A sockeye run was wiped out in1926 when BC Hydro built the Alouette Dam, trapping sockeye in the lake and cutting off those in the river from their spawning grounds. Since 2005 sockeye-kokanee fry have been released over the dam’s spillway.
The number returning to spawn have ranged from four to 115. They are caught at the base of the dam and transported by truck to the lake. But the problem is they don’t seem to be spawning. The failure has been blamed on various factors including the stress caused by their transport, lack of suitable spawning ground in the lake, disease or parasites.
A $40,260 grant from the BC Hydro Wildlife Compensation Program is going to help ARMS find some answers. Ten of the sockeye-kokanee will be caught this year, fry will be bred and released next spring. Greta Borick-Cunningham, executive director of ARMS, said they hope to obtain about 20-25,000 fry.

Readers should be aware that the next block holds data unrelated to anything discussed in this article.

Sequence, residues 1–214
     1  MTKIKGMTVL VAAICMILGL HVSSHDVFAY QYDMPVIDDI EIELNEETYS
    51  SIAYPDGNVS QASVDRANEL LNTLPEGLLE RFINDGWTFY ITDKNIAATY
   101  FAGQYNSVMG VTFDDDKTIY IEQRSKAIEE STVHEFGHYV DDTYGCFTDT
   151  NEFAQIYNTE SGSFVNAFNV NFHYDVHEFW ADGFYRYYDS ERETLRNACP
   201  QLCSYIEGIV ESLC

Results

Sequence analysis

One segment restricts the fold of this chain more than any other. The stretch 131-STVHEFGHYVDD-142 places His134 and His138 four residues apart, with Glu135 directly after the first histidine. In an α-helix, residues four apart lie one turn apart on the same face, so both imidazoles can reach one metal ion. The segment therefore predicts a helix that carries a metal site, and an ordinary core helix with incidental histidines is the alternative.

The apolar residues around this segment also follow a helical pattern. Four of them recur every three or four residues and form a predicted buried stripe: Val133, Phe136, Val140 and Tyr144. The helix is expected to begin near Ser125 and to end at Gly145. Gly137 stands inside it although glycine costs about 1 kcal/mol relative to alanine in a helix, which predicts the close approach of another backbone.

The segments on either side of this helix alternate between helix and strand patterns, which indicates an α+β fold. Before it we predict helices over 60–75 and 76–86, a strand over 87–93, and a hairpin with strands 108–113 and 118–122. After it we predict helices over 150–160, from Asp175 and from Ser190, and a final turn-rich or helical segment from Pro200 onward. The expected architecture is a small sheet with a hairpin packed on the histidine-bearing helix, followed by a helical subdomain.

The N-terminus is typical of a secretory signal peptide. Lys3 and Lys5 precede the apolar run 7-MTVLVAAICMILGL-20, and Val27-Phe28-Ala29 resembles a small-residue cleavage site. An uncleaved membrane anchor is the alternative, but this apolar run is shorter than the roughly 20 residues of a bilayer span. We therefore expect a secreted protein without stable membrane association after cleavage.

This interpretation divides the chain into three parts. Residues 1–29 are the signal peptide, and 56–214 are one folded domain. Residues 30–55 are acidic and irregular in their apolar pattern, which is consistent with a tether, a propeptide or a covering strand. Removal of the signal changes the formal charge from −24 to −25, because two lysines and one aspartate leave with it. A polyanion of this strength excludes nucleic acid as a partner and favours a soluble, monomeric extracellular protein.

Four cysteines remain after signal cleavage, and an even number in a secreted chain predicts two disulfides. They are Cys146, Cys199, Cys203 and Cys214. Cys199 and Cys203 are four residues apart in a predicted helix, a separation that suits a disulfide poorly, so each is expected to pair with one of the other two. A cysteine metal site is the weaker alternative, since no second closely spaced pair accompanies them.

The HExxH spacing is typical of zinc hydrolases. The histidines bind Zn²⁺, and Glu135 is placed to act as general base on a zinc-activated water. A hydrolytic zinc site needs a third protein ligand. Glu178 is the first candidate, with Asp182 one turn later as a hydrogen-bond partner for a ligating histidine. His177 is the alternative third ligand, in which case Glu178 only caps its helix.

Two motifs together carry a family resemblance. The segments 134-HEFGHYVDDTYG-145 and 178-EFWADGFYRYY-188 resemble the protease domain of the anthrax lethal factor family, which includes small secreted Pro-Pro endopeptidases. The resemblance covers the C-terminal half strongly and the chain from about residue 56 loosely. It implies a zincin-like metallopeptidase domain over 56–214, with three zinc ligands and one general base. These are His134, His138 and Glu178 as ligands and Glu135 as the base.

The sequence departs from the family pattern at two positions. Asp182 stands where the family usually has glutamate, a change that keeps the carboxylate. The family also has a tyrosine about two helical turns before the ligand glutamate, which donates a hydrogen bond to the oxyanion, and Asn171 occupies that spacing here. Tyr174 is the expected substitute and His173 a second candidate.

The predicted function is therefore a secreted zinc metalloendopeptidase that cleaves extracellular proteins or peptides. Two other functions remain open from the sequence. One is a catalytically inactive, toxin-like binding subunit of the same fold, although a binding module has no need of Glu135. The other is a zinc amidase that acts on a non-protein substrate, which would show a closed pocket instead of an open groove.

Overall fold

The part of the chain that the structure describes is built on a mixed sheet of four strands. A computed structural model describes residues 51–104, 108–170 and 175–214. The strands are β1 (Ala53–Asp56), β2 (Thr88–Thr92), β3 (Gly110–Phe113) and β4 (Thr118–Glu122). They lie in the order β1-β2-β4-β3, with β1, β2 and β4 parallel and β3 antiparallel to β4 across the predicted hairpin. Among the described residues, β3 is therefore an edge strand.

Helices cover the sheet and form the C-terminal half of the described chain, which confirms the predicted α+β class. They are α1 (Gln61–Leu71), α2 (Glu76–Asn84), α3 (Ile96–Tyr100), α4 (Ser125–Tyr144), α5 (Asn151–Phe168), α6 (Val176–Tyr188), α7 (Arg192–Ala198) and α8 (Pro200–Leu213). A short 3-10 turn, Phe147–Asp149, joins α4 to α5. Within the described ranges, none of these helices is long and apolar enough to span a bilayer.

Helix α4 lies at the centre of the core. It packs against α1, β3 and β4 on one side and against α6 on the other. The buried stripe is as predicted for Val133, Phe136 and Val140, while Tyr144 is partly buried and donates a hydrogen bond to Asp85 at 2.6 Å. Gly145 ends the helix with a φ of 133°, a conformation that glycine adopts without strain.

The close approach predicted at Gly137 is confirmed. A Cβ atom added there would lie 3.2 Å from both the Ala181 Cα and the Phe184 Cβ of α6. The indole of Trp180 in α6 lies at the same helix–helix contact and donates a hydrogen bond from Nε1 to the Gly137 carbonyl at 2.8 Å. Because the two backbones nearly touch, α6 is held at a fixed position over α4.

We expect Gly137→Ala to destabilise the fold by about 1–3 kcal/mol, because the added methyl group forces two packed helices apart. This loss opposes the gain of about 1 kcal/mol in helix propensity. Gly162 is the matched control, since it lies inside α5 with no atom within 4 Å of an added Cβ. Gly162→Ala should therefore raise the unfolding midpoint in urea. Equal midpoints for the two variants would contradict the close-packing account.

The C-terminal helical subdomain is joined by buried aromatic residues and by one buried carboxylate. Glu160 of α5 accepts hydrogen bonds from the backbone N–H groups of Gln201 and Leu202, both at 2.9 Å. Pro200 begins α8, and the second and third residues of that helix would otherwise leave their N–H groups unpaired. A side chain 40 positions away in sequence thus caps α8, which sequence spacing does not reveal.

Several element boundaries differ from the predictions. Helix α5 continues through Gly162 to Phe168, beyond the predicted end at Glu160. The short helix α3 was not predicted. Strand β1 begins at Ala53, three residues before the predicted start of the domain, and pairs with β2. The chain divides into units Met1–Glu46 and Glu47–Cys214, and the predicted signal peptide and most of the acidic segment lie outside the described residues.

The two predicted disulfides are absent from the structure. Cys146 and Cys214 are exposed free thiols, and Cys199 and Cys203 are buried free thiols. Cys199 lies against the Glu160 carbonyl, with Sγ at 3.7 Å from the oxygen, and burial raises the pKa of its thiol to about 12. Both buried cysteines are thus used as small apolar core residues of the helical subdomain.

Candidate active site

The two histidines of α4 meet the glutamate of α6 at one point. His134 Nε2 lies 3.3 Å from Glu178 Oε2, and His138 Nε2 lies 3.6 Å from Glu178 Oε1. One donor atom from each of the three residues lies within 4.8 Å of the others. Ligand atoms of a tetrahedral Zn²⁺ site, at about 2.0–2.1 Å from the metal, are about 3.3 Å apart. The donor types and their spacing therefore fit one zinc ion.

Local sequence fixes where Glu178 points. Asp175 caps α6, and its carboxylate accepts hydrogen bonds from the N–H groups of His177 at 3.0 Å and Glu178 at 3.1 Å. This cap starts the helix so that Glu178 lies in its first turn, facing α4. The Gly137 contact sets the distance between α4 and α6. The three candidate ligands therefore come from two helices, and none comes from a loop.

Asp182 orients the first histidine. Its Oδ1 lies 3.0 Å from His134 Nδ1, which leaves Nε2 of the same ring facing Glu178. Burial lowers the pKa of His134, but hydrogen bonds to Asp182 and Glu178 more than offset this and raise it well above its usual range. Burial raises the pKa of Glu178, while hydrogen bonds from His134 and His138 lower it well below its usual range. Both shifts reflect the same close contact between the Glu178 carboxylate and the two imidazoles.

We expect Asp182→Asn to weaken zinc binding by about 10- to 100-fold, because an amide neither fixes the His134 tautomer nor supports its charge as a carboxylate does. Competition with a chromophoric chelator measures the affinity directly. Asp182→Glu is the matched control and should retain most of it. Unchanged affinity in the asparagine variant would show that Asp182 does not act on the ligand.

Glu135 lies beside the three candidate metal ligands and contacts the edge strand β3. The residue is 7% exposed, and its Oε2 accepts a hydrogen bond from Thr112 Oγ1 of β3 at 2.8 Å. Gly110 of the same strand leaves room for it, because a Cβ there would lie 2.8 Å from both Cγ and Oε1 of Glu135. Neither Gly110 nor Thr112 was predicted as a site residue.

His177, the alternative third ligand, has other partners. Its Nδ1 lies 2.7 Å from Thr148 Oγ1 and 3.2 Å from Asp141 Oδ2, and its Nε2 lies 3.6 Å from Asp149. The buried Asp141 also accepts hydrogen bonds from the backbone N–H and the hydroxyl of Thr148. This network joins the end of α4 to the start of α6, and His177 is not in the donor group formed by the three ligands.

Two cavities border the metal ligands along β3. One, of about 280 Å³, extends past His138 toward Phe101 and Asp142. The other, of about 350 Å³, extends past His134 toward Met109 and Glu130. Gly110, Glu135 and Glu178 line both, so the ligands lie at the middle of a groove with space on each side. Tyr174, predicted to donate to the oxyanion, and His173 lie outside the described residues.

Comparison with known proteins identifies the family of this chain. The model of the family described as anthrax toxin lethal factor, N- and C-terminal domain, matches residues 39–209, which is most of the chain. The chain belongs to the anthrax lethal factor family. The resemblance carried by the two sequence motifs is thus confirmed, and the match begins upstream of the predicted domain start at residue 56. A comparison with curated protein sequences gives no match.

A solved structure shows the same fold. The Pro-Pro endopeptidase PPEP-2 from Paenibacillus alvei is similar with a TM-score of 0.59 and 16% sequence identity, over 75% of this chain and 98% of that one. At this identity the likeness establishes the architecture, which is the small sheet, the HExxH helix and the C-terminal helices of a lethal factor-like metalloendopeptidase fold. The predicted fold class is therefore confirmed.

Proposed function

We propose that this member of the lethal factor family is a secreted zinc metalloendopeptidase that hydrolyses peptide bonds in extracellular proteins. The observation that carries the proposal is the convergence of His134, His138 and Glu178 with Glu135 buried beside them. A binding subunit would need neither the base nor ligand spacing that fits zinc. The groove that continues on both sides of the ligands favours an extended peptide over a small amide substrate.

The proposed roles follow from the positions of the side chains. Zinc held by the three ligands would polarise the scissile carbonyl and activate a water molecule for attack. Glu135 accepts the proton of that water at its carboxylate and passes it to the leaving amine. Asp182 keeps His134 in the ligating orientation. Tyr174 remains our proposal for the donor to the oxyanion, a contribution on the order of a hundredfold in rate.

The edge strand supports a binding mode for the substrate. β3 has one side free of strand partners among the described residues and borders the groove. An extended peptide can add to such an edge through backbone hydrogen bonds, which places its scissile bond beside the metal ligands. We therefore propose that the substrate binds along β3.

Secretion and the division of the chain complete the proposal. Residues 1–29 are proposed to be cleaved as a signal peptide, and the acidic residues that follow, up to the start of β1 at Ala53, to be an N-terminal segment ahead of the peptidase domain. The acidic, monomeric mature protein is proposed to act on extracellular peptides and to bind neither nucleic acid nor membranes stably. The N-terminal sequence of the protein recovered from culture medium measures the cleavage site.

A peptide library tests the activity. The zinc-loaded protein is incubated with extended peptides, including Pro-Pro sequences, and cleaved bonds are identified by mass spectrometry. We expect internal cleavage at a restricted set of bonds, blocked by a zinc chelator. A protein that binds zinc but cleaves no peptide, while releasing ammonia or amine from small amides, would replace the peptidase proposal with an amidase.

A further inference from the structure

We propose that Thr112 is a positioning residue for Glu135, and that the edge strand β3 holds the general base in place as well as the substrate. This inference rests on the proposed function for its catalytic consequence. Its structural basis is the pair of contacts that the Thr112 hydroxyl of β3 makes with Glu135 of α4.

Borick-Cunningham said some of the new funding for the society will go towards fitting adult sockeye being taken to the lake with electronic acoustic tags, so that monitors can keep track of their movement in the lake and with luck be able to find and keep an eye on redds they may produce.
ARMS was founded in 1993 and has been a part of the Alouette Adult Sockeye Enumeration Project since 2007. The society has been working alongside the BC Corrections hatchery unit – which works on the watershed in conjunction with the federal Department of Fisheries and Oceans – in its education program for a number of years.
Borick-Cunningham said society members put in around 1,500 hours of volunteer time in education, habitat-restoration, and river-cleanup work each year.